Grace Huang, 45
Education: B.S., business administration, University of North Carolina; MBA, University of Pennsylvania
What drew you to the auto industry? Serendipity. I was in consulting. By the time I got to Autotrader, it was probably my 15th client across eight industries. The reason I ended up on the Autotrader project was because it was in an area that I worked a lot in; it was about growth strategy in China. And I had just worked in China for a year as a transfer from Atlanta. And so it was an Atlanta-based client that needed growth strategy in China. And when I got to Cox and I got to Autotrader I just fell in love with the company, fell in love with the whole industry.
First automotive job: In 2007, director of business development at Cox/Autotrader.
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Big break: Moving from strategy and product to the field operations of Manheim — and it was a pretty big switch. By then I had the industry piece down, but I didn’t have necessarily the vertical expertise. And my mentor at the time, Janet Barnard — who is a Leading Woman for the second time — I was working with her and she has this new role and just asked if I would be interested. And it was exactly what I wanted to do. I was trying to move out of strategy and more into field operations and I jumped at the opportunity and fell in love with it immediately.
What is the major challenge you’ve faced in your career? While working on my first project for the Boston Consulting Group in Shanghai, I realized how hard it was to lead a project and team without an understanding of the business context and culture. It was a very difficult project that I could have made easier by simply asking for help from the local team and my peers. Instead, I powered through and made it work. The experience taught me that there will always be situations where I may not have the knowledge and answers. My success is due, in part, to surrounding myself with a diverse and supportive team of people.
You’ve been in the industry 13 years. What has been the most important change you’ve seen? For us, it is this whole digitization. We’ve had more and more dealers moving online, moving to the digital space. But with COVID-19 now, everybody’s being forced to move much more digitally.
Tell us about your family. I’ve got two kids. They’re seventh grade and fourth grade, a son and a daughter. And I’ll tell this story and it’s applicable to Leading Women. So when my daughter was about 5, I was working for Janet Barnard. And it was my birthday. It was on a Saturday, and she had texted me to wish me a happy birthday. It was kind of a mom and daughter day. So we were shopping and she asked who texted me and I said, “Oh, it’s mommy’s boss, texted me to say happy birthday.” And she said, “Oh, he was wishing you happy birthday.” What shocked me was she automatically used the pronoun “he.” So I was like, “Oh, hold up, stop, timeout. First of all, mommy’s boss is a woman.” And the next time I had a chance to bring my daughter to meet Janet, I did, to make sure she saw that you can be a very successful woman in the workplace. And, what was most interesting about that is my husband doesn’t work. And so she has a female role model at home, but there’s still so much in society that basically says that, especially where we live in Georgia, the man is the main breadwinner. So I don’t know what it is at school or whatever it is, she automatically assumed that my boss was male. And so for me, doing what I do every day, it’s just even more important to make sure that my daughter knows that she can have whatever career she chooses to have and do whatever she chooses to do.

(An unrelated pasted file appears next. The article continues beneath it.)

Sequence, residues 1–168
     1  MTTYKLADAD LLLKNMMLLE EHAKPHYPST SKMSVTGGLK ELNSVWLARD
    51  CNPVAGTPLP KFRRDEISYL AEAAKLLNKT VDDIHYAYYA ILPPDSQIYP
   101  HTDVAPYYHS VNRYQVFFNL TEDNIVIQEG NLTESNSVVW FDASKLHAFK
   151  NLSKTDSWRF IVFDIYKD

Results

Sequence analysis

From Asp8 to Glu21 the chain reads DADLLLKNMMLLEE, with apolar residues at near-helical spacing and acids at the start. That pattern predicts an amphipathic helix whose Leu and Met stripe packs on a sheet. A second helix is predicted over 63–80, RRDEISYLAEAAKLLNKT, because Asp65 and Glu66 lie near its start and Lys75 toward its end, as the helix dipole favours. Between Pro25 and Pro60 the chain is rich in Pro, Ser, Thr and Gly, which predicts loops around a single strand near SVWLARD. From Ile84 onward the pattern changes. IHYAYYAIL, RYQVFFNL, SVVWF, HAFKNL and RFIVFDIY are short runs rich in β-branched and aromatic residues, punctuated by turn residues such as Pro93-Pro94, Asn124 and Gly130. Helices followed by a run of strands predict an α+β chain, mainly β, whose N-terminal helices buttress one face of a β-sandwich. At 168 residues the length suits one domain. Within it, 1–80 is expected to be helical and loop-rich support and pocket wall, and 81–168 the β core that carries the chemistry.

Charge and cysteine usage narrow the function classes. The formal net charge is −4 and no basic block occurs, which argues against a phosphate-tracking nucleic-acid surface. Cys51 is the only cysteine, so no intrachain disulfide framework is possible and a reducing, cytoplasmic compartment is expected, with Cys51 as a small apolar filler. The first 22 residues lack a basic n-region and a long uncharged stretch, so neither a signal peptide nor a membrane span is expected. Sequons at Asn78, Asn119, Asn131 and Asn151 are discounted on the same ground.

What’s the best book you’ve read in the last year, and what did you get out of it? Recently I’ve read quite a few different books around the racial protests that we’ve had, and really understanding how did we get to this place in the U.S. I read a book called The Color of Law earlier this year, that talked about the systemic laws that really have created this different class system with race being the dividing line. And then recently, I read White Fragility. Anybody who’s interested in better understanding how we got where we got to should read the book. Even for me personally, being part of the minority group, after reading that book, I realized some of the things I’ve done that have not necessarily promoted other folks of diversity — for those who are in the, what we call the outside, not-on-the-inside group. For those who are nonwhite, a lot of us have had to go along to get along. And after reading White Fragility, I realized that that has to stop for me personally. I need to stop going along to get along. And I’ve done that a lot over the last 20 years, especially at work. And so that was my commitment to my team, which I told them last week — that that’s my commitment to really take a different stance personally.
— David Muller